More generally, the statement also warns that all intelligence agencies in the Arab World are “apparatuses of repression” whose role is to defend Arab rulers from their subjects: “For this reason, they will never think twice about committing the most atrocious crimes or massacres to repress a revolution or mass uprising.”

The statement also denounces the important role tourism plays in the Tunisian economy, suggesting that local Muslims were “almost like Ahl al-Dhimmah [literally ‘the people of the contract,’ i.e. non-Muslim subjects] to the Christians who invaded it under the pretext of ‘tourism’.” Ben Ali is condemned for his efforts to impose secularism in Tunisia and his repression of Islamists. In a warning that might also be intended for Egypt’s Hosni Mubarak, AQIM notes that when Ben Ali’s “oppression and crimes were exposed to the world, the infidels washed their hands of him, deserted him and handed him over. The loyalty he paid to them and his many years of service to them did him no good.”

This article first appeared in the February 3, 2011 issue of the Jamestown Foundation’s Terrorism Monitor

The Tunisian Army in the Crimean War: A Military Mystery

Dr. Andrew McGregor

Military History Online, December 22, 2006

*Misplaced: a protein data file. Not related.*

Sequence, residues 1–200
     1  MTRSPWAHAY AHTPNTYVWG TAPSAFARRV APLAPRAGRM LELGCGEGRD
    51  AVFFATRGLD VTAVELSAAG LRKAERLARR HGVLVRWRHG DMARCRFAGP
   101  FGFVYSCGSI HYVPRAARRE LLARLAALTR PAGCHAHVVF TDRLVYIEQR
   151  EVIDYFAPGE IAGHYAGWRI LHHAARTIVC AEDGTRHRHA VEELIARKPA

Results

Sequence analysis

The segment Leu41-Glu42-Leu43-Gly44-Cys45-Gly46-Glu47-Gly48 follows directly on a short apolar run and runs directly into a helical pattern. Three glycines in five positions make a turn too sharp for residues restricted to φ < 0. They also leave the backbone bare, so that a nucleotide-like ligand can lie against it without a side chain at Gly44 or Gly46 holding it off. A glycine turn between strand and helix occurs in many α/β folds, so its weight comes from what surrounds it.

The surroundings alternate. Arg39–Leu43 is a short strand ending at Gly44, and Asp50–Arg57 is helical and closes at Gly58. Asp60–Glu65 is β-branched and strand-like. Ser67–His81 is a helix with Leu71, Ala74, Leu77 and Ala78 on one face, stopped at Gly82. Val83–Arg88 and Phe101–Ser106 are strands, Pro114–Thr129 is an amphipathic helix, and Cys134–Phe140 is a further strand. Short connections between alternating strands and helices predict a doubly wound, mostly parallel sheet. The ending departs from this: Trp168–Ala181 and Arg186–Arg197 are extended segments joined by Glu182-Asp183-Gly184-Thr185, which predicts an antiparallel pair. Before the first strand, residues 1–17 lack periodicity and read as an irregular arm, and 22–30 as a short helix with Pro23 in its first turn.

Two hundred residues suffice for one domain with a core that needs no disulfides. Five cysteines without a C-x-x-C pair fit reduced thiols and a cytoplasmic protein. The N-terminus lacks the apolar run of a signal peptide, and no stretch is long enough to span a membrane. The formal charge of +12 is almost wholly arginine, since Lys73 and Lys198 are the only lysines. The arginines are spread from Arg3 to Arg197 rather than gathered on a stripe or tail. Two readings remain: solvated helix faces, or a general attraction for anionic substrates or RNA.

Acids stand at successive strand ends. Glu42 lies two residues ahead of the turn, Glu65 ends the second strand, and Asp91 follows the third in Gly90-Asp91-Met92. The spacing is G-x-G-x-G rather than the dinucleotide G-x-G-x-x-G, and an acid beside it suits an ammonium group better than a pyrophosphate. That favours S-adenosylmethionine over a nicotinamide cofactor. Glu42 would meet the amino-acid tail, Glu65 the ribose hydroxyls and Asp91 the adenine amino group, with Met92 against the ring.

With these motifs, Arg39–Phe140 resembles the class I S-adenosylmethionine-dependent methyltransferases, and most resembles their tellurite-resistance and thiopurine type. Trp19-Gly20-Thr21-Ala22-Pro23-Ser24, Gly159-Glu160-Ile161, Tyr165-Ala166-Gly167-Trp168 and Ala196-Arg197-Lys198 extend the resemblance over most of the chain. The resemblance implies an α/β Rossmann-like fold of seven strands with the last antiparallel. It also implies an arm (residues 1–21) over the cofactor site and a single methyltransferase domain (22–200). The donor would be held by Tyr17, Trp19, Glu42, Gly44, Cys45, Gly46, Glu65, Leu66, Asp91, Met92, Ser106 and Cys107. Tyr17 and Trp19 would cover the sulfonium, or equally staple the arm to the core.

Though it solved little at a great expense in human life, the Crimean War of 1853-55 remains a much-studied turning point in military history. Despite its name soldiers and sailors from a variety of nations and empires fought the war on seven fronts; the Danube region, the Crimea, the Caucasus, Eastern Anatolia, the Baltic Sea, the White Sea, and the Kamchatka Peninsula on Russia’s Pacific Coast. With several other nations on the brink of joining in (including Spain, Austria-Hungary, Prussia, Sweden and the United States), the Crimean War very nearly became the first world war. For the combatants its often-disastrous conduct exposed the need for revisions in military tactics, improved medical services and the creation of efficient logistical systems. The Muslim Ottoman Empire entered into an alliance with the Christian nations of Western Europe against Russia, laying the historical groundwork for the eventual presence of modern Turkey as the second-largest military force in NATO. Britain and France’s union against Imperial Russia marked the beginning of an important but occasionally testy military alliance between ancient rivals. Less well known are the roles played by the armies of Egypt and Sardinia on the allied side, but least understood of all is the role of the Tunisian armed forces. Though Tunisia’s contribution of nearly 10,000 troops to two separate fronts is well established, it remains hard to say with any certainty just what the Tunisian expedition actually did there. It is surprisingly difficult to answer even the most basic question; did they fight or not?